The show for which he auditioned the most actors
To cast the lone female role in the pilot of NBC’s Seth Green-starring 2006 sitcom Four Kings, Greenberg saw 637 women, including Jessica Chastain, Busy Philipps, and Krysten Ritter. (The part went to Kiele Sanchez.) He also auditioned 336 actors for the four main male roles, including Channing Tatum, Max Greenfield, Sebastian Stan, and Zach Gilford — as well as Neil Patrick Harris, Jason Segel, and Josh Radnor.
“How I Met Your Mother was casting at the same time,” he notes, “and wisely plucked all three.”
The recasting that hurt the most
Frasier turned out to be the easiest pilot that Greenberg has ever cast. Except when it came to the role of Frasier’s producer, Roz, which, as many Friends fans know, was originally filled by Lisa Kudrow.
“[The producers] said, ‘We’ll see any type, age, ethnicity,’ so I brought them all of these great comic actresses, and we whittled it down,” recalls Greenberg. “Kelsey [Grammer] came in and read with five or six of them, and our two favorites were Lisa Kudrow and Peri Gilpin. We tested them at NBC, and they chose Lisa. She was great.” But when a test audience was brought in for a pilot rehearsal, the producers detected an imbalance in the show. “There was so much good confrontation in the scenes at home and a palpable sort of tension,” she says. “At the radio station, not so much. And they figured out it was because of Lisa’s version of Roz. You could see Kelsey [as Frasier] was going to be able to railroad her and do what he wanted. She was sort of spacey, and she was funny. But there was not going to be the conflict there. Plus, her version of Roz interfered a little with Jane Leeves’ version of Daphne, which was a little daffy. There were two daffy women, and when you’re doing auditions, you don’t see it all together; you do them in little puzzle pieces, and then you fit them together.”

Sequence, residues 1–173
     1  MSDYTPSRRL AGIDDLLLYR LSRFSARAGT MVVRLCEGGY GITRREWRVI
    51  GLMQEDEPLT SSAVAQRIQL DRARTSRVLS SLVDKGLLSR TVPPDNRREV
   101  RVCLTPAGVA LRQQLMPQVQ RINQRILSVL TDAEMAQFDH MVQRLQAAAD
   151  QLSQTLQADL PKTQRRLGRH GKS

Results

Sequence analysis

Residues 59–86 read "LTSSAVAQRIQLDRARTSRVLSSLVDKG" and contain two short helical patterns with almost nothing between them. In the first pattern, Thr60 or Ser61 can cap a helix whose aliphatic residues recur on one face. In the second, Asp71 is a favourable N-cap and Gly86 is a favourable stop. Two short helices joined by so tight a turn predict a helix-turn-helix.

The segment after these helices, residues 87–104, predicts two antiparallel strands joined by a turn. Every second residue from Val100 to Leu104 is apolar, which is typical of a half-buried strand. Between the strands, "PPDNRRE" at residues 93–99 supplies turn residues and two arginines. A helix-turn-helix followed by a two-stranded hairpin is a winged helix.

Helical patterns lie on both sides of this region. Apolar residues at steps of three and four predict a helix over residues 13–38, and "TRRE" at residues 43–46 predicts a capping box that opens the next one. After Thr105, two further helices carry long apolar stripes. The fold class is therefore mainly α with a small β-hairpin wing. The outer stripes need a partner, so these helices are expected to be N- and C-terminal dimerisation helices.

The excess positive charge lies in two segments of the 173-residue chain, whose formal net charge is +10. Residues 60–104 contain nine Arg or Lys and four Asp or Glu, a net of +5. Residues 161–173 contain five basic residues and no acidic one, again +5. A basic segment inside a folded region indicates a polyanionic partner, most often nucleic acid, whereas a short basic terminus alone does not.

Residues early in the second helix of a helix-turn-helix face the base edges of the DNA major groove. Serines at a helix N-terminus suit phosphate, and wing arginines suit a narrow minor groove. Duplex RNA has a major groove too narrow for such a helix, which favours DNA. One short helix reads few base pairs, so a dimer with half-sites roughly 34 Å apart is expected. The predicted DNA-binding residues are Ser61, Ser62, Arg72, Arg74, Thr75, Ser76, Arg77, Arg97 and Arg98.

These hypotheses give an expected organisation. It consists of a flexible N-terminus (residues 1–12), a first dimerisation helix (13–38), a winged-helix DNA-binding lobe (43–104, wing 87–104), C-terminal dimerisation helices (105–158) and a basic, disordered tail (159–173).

At this point in the process, Jim Burrows, the show’s director/producer, had an idea.
“Not knowing who else tested for the part, [he] said, ‘You know who you need in this part? You need Peri Gilpin,’ remembers Greenberg. “He had worked with her a few times, and he said, ‘You don’t f— around with Peri. She holds her ground.’ They knew that she could go toe-to-toe with Kelsey, so we made the change, and it was horrible because I’m friends with Lisa. We loved Lisa. She didn’t do anything wrong, but I had to make that call to her agent. And then I spoke to her, and she was, of course, the classiest possible person in the world. She said she understood. … It was a dark day.”
After conferring with Gilpin’s agent, Greenberg then broke the good news to her himself.
“I found Peri was eating at Orso [a former Hollywood mainstay], and I had her brought to the phone in the bar, and said, ‘What are you doing tomorrow? ‘” he recalls. “She said, ‘Nothing.’ And I said, ‘You want to come be our Roz?’ When I showed up for rehearsal the next morning, she was wearing Lisa’s costume saying Roz’s lines. They didn’t even have time to dry clean the clothes. She was just Roz. That turned out to be a happy ending finally for everyone, because the next year, Lisa got Friends.”